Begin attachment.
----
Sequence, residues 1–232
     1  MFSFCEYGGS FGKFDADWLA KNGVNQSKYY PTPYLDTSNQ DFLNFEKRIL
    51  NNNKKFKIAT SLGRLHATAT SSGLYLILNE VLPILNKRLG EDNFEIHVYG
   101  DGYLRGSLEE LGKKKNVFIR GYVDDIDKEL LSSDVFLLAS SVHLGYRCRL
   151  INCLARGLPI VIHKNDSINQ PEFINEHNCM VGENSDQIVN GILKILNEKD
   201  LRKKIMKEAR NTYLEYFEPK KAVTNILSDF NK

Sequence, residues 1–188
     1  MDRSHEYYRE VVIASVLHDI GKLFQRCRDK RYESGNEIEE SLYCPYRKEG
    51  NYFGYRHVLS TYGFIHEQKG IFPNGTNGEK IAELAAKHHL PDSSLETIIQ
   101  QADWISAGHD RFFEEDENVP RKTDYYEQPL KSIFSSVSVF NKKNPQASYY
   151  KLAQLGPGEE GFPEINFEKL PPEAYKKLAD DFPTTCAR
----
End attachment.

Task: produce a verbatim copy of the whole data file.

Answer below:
Sequence, residues 1–232
     1  MFSFCEYGGS FGKFDADWLA KNGVNQSKYY PTPYLDTSNQ DFLNFEKRIL
    51  NNNKKFKIAT SLGRLHATAT SSGLYLILNE VLPILNKRLG EDNFEIHVYG
   101  DGYLRGSLEE LGKKKNVFIR GYVDDIDKEL LSSDVFLLAS SVHLGYRCRL
   151  INCLARGLPI VIHKNDSINQ PEFINEHNCM VGENSDQIVN GILKILNEKD
   201  LRKKIMKEAR NTYLEYFEPK KAVTNILSDF NK

Sequence, residues 1–188
     1  MDRSHEYYRE VVIASVLHDI GKLFQRCRDK RYESGNEIEE SLYCPYRKEG
    51  NYFGYRHVLS TYGFIHEQKG IFPNGTNGEK IAELAAKHHL PDSSLETIIQ
   101  QADWISAGHD RFFEEDENVP RKTDYYEQPL KSIFSSVSVF NKKNPQASYY
   151  KLAQLGPGEE GFPEINFEKL PPEAYKKLAD DFPTTCAR